PACS text paging app boosts critical results notification

2011 06 16 14 14 20 788 Labruzzo 394

A text paging application embedded in PACS software can provide a simple and inexpensive means of notifying referring physicians of critical imaging results, according to researchers from Tripler Army Medical Center in Honolulu.

The Tripler team found that the application, which enables radiologists to send alphanumeric messages directly from the PACS workstation without having to manually look up physician paging rosters or use the telephone, increased radiologist productivity and improved communication of critical results.

"With a little ingenuity and existing communication technologies, [radiologists] can facilitate communication with our referring physicians and comply with National Patient Safety Goals and American College of Radiology [ACR] guidelines using simple, economic, and efficient means," resident physician Salvatore Labruzzo, DO, told

Labruzzo presented his institution's experience with the paging application at the annual meeting of the American Roentgen Ray Society (ARRS) in May.

Communication of critical results is an important aspect of medicine, particularly in radiology. With the Joint Commission National Patient Safety Goals and ACR guidelines both calling for efficient communication of critical imaging findings, the Tripler team sought to streamline the process for radiologists by developing a method to improve timeliness of critical results notification, Labruzzo said.

They developed a carrier-agnostic SMS-capable paging program that pulls contact information from their hospital's structured query language (SQL) database, allowing alphanumeric pages to be sent directly to the SMS gateways of multiple wireless telecommunication companies. Written in Adobe ColdFusion programming language, the application is a small, 2-KB HTML file that's embedded on each of the institution's radiology PACS workstations.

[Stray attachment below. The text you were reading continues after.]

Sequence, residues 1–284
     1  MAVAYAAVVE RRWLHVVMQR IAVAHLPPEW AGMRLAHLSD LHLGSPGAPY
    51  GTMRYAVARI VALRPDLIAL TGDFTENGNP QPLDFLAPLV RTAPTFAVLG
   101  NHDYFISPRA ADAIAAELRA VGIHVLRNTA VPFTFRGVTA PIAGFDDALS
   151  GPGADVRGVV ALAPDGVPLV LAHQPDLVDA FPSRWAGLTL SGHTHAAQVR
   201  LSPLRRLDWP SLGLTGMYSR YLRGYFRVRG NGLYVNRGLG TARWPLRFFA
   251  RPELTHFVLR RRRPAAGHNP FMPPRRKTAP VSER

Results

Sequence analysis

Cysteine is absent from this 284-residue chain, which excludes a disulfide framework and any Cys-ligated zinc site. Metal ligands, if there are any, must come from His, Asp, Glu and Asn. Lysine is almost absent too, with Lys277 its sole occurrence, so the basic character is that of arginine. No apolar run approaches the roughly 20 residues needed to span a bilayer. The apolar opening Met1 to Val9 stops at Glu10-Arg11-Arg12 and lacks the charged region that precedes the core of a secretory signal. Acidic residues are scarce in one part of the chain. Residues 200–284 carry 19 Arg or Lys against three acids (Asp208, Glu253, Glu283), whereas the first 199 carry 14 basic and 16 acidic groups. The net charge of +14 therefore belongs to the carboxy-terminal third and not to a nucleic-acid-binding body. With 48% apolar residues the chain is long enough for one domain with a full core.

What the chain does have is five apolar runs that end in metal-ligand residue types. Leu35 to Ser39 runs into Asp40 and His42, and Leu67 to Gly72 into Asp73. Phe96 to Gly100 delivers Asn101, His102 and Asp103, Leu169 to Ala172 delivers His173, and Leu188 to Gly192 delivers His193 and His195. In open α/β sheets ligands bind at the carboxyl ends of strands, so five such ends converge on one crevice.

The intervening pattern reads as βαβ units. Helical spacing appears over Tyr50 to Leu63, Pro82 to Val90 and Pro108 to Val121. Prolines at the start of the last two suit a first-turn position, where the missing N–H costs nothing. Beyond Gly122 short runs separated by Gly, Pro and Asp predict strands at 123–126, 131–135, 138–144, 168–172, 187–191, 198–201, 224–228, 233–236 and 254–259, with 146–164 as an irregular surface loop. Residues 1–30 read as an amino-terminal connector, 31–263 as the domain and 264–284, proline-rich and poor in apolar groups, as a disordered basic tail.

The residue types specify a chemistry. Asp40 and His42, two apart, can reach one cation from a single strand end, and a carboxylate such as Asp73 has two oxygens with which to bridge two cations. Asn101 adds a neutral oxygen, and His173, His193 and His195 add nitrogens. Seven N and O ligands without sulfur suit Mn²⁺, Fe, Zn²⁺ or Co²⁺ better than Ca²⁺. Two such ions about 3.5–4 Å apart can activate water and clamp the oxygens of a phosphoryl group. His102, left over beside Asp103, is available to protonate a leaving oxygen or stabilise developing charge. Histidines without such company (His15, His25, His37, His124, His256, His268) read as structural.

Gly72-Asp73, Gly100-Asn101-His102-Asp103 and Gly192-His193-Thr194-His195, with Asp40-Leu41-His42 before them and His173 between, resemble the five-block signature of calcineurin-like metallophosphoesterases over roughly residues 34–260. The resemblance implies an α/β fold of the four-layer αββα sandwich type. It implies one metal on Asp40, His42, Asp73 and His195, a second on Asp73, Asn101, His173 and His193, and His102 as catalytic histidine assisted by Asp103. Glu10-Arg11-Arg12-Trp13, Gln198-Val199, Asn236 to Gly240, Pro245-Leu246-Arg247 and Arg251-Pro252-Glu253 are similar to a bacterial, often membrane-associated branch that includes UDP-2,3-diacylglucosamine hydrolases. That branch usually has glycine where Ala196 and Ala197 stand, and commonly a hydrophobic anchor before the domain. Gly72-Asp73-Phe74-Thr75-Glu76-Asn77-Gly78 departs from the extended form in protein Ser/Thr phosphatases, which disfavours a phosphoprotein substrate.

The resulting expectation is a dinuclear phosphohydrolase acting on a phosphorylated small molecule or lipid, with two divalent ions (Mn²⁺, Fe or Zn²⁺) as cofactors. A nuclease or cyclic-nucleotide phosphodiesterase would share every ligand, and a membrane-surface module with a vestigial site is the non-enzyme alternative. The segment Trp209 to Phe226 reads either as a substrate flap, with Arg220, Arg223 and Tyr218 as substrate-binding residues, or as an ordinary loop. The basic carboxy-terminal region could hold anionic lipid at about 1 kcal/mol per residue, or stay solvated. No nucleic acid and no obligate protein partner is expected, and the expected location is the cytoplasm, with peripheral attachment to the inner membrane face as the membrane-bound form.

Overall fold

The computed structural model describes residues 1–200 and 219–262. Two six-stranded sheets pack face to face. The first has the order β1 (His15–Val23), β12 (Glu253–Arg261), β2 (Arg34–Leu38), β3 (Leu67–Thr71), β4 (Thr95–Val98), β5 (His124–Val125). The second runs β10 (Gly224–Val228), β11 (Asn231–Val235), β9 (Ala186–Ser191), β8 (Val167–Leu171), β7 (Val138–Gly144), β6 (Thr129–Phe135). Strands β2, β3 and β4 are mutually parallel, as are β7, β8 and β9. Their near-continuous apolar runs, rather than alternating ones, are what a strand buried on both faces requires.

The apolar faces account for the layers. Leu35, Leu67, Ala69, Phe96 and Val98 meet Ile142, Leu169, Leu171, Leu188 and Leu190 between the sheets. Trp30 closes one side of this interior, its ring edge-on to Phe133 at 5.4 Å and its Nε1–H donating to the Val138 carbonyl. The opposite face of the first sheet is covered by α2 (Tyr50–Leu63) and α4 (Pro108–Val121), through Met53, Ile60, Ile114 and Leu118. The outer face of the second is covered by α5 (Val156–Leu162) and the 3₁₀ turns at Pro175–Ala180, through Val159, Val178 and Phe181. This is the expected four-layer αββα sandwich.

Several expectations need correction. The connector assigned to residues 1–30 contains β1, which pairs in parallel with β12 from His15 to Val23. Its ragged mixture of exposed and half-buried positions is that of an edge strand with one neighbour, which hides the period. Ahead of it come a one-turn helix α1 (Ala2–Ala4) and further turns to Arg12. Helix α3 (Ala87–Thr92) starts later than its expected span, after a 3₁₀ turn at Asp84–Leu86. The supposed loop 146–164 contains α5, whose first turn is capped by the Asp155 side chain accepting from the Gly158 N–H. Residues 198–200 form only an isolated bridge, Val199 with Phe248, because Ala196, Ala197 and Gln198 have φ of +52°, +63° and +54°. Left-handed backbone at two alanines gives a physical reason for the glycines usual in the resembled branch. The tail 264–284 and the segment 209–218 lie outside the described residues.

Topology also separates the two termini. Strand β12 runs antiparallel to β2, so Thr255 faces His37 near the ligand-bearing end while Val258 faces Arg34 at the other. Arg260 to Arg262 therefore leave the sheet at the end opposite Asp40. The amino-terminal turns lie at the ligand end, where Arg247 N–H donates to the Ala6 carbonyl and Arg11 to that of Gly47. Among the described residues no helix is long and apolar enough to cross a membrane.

The developers "pinned" the application to the start menu and also assigned it a hotkey (* on the number pad) for even quicker launches, Labruzzo said. When radiologists want to page a referring physician with critical results, they click on the paging application icon or use the hotkey. Users can search for physicians by their first or last names as well as fragments of their pager number.

"The application works through a single port in the virtual network, pulls the desired physician's pager or cell phone number from the hospital's database, and sends a text message using SMS technology," Labruzzo said. "The message is delivered almost instantly."

2011 06 16 14 14 20 788 Labruzzo 394
Sample text message from PACS paging application. Image courtesy of Salvatore Labruzzo, DO.

The application supports messages of up to 240 characters in length, and it can send them to one or more contacts as well as predefined groups.

To gauge user opinion on the application, the Tripler team conducted an anonymous survey with eight questions on a five-point grading scale. Eighty-six percent of the 25 responses were positive, according to the researchers.

When asked about the application's impact on patient care and productivity, 88% of the responses were positive, while only 4% were negative. The other responses were neutral.

In addition, all 13 residents who responded to the survey believed the application was easy to use, according to the group.

Any PACS within a hospital network should be able to use this type of application, Labruzzo said. However, the developers have decided not to make their particular implementation available to other institutions at this time.

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